B5 Sopmod

B5 Sopmod

B5’s Sopmod Stock was really the first modern stock after the M4 or LE style mil-spec buttstock. It’s a modern classic, no nonsense stock with storage compartment (although not easily accessible or water proof), 6-position retractability, QD sling points and a soft rubber butt pad for ultimate comfort. It may not be as sexy as a lot of the newer Magpul stocks but it is definitely by far the tightest stock with absolutely zero wobble or movement. They’re still being made today and are offered in a variety of the most popular color ways. No loss here if you purchase the B5 Sopmod Stock.

BCM Buttstock

BCM Gunfighter Buttstock

If you haven’t noticed yet, the B5 Sopmod has served as the design inspiration for a lot of the buttstocks that came after it. That includes BCM’s Gunfighter Buttstock, also called the Mod 0. Weighing in at only seven ounces, it’s certainly one of the lightest AR stocks on the market. It features a large button that covers almost the entire underside of the stock so when you go to adjust the position it’s basically impossible to miss it.

This is important and a valuable design so you don’t ever fumble with the stock and waste precious time doing so. There are large QD sling attachment points on both sides of the BCM stock and if you remove the butt pad you’ll reveal a door to a pretty large compartment area. Someone should make a chart on which stock can store the most Peanut M&Ms as a reference to each stock’s storage capacity.

Daniel Defense

Daniel Defense Buttstock

The Daniel Defense DDM4V7 was my first AR15 rifle and to this day is still one of the best AR’s I own. Its stock furniture was super comfortable such as the ergonomic pistol grip and vertical foregrip. But eventually I had to instead install the BCM foregrip due to California gun control laws and I recently opted for a more updated, rubberized grip from Magpul, the MOE+. However, that was over the course of several years of ownership. From day one, I immediately took off the Daniel Defense buttstock and tossed it into the closet.

While it may look ergonomic and stylish, it may as well have been a fixed stock. The small release lever made it extremely hard to adjust the Daniel Defense buttstock’s position. Even if you did properly hit the release lever, it was definitely way too tight on the buffer tube to smoothly move back and forth. For those fellow DD fans out there I’m sorry but save your time and immediately get something better. The Daniel Defense buttstock is no bueno.

AR10 Buttstock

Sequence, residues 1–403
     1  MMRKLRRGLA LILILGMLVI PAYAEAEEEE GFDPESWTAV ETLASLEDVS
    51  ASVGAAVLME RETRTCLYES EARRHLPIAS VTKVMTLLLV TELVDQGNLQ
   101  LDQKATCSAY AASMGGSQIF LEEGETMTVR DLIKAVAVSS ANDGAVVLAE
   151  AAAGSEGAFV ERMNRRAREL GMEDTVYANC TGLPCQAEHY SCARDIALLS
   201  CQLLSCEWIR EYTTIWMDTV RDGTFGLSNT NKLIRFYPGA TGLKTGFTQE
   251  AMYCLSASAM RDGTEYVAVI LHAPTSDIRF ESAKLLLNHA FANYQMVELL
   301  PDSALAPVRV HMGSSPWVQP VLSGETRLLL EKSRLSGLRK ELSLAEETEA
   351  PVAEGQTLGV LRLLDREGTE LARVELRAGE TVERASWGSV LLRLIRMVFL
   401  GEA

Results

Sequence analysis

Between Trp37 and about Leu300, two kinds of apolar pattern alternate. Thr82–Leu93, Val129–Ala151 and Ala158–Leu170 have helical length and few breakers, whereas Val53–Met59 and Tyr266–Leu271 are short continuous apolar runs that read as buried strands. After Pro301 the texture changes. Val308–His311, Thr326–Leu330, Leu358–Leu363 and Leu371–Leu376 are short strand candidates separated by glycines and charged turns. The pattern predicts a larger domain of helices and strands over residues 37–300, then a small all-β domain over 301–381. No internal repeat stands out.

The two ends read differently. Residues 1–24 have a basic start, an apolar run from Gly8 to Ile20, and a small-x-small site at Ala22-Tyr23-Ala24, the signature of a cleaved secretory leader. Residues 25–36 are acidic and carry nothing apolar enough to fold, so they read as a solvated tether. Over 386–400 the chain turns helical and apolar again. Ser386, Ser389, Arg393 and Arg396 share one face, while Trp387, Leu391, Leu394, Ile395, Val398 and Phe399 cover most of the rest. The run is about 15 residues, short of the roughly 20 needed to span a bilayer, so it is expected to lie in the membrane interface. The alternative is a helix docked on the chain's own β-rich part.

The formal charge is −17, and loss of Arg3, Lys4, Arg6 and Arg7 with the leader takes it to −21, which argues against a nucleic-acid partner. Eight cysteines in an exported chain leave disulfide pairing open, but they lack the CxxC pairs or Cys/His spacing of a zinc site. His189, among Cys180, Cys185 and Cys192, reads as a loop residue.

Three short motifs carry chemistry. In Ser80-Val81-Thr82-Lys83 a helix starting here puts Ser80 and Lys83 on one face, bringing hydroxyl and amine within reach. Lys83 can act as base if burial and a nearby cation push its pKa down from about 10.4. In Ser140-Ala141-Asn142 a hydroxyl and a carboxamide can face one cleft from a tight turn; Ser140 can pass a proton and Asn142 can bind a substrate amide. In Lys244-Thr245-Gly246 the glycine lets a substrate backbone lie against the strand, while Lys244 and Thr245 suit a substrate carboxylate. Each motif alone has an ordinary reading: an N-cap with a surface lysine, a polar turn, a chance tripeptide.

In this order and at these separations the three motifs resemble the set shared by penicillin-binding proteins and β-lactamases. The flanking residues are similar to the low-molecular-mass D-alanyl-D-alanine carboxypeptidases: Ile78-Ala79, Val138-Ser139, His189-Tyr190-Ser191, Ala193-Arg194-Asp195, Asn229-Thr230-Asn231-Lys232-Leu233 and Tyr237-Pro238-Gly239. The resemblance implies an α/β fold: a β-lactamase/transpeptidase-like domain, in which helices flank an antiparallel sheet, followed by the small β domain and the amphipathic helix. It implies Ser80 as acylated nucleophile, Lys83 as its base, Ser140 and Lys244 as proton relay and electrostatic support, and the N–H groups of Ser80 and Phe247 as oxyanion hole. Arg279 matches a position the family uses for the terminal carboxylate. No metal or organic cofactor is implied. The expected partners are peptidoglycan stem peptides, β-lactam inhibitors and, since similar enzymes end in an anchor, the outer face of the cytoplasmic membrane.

Magpurl PRS Gen 3 Stock

While there are some buttstocks that are strictly for AR10’s such as the Magpul PRS Gen 3, the Luth-AR stock, or A2 stocks for .308 — the dirty secret here is that just about any AR15 stock can also double as an AR10 buttstock. They are interchangeable as oftentimes they’ll use the same sized buffer tubes, the only difference really is the buffer spring and weight inside of it. Builders usually opt for .308 specific, or AR10 buttstocks when they plan on doing long distance and precision shooting.

What is the difference between a buttstock and a brace?

SBA3 Pistol Brace

A buttstock for an AR15 or AR10 is either going to be retractable or fixed in its position. Stabilizing braces can do that too. The difference is that stabilizing braces are also called pistol braces, with their cuff attachment and velcro strap that is part of the stock-like product.

Get your next AR Stock from 80% Arms!

The best AR stock for you is going to depend on what kind of AR15 or AR10 you plan on building and what you intend to use it for. Other than stocks or braces you buy for legal compliance's sake, choose a stock that makes sense for you. Note its profile, how slim or thick it is, how heavy is it and what extra features it has that might entice your purchase. With the exception of the Daniel Defense buttstock, if you buy any of the AR stocks mentioned in this blog today, you won't be disappointed!

So are you ready to complete your build with a fancy new AR stock? Don’t neglect this part of your build. Get your next buttstock from 80 Percent Arms and let us know if you have any questions or need help. Our legendary CS team will be happy to assist via email, phone or live chat.